On Friday, a group of us took the trip to one of the furthest reaches of the ASSETS network, to facilitate a quiz between two primary schools – Malanga and Girimacha – on the eastern side of the Arabuko-Sokoke forest. This was the first round of the competition for the two schools, hoping to beat off the competition and secure a semi-final place against Boga,   also from the east side of the forest. The ultimate goal is a spot in the Inter-ASSETS Primary Schools Quiz Final, to be held in Watamu at Turtle Bay Beach Club in mid-November.

The competition was stiff and the 5 competitors from each school battled hard, eagerly cheered on by their classmates in the audience. The range of questions was wide, and the rounds fast paced, with the children being asked to answer questions on a wide range of subjects. One moment, they were being asked to name the Minister for Tourism in Kenya, the next they were required to name two ways to prevent the spread of cholera. 


The Malanga team

Ultimately, after 8 rounds of quick-fire questions and a comprehension task, it was Malanga who prevailed, proving strongest on many of the topics faced. Girimacha, however, were magnanimous in defeat, knowing that the primary aim of the quiz had at least been achieved and everyone had learned a lot. Somehow, the whole class fitted in the back of the truck and they sang all the way back to the village. Malanga, on the other hand, are extremely excited to continue another step along the ‘Road to Turtle Bay’ and now have two weeks to study hard and prepare as much as possible before the much-anticipated semi-final against Boga.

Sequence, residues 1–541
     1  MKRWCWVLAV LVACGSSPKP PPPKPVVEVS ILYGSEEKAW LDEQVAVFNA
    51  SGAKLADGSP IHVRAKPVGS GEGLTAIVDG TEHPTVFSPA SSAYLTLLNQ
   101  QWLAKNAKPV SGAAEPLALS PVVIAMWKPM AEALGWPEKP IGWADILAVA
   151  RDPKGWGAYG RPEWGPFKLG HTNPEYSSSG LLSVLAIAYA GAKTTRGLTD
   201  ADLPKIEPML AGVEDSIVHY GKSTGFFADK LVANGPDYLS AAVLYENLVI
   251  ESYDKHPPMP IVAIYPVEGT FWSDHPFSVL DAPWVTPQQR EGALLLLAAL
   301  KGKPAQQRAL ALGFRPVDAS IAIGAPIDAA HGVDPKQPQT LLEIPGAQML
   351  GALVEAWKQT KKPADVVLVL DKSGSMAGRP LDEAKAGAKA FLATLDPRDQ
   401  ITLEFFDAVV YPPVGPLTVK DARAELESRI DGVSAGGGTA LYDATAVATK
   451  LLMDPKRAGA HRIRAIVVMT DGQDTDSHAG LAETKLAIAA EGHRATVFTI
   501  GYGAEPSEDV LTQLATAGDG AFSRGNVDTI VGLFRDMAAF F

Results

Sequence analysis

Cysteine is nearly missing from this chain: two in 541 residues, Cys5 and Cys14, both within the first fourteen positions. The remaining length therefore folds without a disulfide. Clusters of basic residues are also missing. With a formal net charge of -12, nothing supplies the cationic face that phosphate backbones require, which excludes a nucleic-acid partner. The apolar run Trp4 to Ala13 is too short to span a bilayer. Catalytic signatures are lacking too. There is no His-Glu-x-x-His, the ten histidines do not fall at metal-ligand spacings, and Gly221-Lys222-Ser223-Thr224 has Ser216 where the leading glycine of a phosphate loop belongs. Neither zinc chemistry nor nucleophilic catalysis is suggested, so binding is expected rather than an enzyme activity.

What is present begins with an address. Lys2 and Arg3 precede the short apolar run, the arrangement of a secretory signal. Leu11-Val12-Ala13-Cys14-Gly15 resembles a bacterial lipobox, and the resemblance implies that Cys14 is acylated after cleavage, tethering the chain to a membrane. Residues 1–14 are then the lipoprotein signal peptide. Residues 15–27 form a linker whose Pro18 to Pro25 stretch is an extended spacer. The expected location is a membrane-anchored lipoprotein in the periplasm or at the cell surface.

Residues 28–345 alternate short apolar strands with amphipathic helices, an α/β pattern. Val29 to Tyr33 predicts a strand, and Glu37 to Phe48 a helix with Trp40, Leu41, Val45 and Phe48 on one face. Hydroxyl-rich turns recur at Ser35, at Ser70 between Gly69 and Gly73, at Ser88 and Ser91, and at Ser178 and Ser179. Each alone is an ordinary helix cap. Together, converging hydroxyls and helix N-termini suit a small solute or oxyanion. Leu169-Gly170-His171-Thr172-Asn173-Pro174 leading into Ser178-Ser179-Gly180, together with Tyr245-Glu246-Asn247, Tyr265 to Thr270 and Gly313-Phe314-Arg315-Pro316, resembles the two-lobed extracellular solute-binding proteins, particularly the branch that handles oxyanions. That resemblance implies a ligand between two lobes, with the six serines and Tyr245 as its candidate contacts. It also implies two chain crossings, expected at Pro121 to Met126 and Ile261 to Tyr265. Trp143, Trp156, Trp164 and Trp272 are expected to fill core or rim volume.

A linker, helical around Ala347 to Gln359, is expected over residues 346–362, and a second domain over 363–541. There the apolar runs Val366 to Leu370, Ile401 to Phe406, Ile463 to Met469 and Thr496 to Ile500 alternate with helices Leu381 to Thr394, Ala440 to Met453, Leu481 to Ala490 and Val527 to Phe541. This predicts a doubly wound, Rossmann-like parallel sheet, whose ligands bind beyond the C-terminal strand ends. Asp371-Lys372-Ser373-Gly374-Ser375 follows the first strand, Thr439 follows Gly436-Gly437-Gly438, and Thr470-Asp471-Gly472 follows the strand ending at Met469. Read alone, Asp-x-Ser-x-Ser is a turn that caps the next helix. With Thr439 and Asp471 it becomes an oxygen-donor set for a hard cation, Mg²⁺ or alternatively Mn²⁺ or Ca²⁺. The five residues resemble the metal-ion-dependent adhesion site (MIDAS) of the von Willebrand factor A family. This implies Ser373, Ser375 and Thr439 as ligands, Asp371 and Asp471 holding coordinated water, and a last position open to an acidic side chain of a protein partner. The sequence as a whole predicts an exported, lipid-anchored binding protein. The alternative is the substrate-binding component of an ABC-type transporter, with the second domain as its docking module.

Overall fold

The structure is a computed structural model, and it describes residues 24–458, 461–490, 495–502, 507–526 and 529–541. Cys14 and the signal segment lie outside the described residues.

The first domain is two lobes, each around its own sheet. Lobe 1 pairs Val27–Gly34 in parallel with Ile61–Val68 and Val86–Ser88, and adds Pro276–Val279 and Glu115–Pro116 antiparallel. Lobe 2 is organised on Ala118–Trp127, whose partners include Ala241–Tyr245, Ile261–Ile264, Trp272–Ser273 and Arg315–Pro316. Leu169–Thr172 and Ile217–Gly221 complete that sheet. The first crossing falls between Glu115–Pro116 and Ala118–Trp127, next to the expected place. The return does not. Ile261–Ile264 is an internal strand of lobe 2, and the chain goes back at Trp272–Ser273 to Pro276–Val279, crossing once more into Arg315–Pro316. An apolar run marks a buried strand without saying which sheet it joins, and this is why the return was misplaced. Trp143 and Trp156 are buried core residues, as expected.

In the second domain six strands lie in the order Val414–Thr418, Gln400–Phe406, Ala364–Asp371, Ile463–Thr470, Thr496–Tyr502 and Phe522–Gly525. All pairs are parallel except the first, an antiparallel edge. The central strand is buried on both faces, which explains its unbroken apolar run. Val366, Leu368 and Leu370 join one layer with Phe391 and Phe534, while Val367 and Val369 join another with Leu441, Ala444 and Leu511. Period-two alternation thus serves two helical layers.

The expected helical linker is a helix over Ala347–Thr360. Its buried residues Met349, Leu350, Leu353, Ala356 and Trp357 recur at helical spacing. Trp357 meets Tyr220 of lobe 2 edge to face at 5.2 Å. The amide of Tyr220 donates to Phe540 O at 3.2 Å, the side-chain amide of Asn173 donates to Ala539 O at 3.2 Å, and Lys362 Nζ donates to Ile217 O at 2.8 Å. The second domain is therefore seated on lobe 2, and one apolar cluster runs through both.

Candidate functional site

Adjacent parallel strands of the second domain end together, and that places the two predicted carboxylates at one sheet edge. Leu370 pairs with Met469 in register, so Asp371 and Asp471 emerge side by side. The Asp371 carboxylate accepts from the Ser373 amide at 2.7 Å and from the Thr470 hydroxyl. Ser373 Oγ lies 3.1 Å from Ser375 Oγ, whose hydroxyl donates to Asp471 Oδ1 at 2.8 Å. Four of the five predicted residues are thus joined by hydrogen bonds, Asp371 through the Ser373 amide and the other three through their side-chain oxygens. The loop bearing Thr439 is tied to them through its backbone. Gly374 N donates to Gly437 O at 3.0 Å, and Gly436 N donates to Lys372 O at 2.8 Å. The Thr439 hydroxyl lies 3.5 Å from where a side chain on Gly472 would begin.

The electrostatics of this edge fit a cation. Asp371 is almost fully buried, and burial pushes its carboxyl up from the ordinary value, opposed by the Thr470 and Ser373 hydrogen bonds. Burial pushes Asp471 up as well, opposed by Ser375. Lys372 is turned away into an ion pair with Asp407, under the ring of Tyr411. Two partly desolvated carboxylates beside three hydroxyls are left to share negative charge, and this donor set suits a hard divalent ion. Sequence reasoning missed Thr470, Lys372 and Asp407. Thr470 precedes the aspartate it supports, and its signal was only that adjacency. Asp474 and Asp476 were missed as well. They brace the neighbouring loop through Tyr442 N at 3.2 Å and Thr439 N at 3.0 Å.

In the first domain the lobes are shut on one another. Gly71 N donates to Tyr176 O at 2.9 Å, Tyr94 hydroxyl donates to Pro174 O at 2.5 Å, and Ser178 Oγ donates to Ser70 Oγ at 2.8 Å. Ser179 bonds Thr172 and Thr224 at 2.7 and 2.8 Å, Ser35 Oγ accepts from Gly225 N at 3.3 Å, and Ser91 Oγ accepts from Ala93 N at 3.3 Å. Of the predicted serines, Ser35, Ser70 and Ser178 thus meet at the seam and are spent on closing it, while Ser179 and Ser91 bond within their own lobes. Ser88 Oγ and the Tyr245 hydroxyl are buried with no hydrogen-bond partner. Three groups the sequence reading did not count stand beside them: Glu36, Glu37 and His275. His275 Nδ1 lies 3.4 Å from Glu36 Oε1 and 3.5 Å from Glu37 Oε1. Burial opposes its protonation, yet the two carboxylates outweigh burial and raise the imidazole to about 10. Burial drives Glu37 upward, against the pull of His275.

Girimacha head back home

Day 3 of the Camp – talks on drugs and saying goodbye

Our last day dawned bright and early with more Morning Glory, breakfast and then an excellent talk from a worker from the local ‘Imani drug rehabilitation Centre.’ He explained the science behind the addiction and how you get hooked and well as the realities of rehab and being strong about avoiding drugs in school and at home. There were many questions from students with some even wanting to talk about other, non-drug related problems.

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Drug Awareness Talk

Our last activity was a trip to Mida Creek. This was a first time for me as well as the students and it was beautiful, despite the intermittent rain when we sheltered under trees!
Students on Walkway at Mida
Students on Walkway at Mida

You may know that A Rocha Kenya as built a hanging walkway through the mangrove forest as an eco-tourism attraction at Mida Creek. It raises money for ASSETS through Tourists coming and paying to use the walkway. Alex and Said, two of the guides, were very knowledgeable about the Mangrove ecosystem and the students had a great time on the walkway!

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Some of the girls with Said at Mida

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Boys outside the bird hide at Mida

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Some of the Students on the Walkway

The camp has now come to an end but the students go away with a wealth of new experiences and information about life, the environment and conservation. Hopefully they have been encouraged to keep on going and their confidence has been increased.

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Lydia, the most active girl

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 John, the most active boy.

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Group photo on steps of Mwamba!

Assets Students arrive for the first Assets camp 2008

Day 1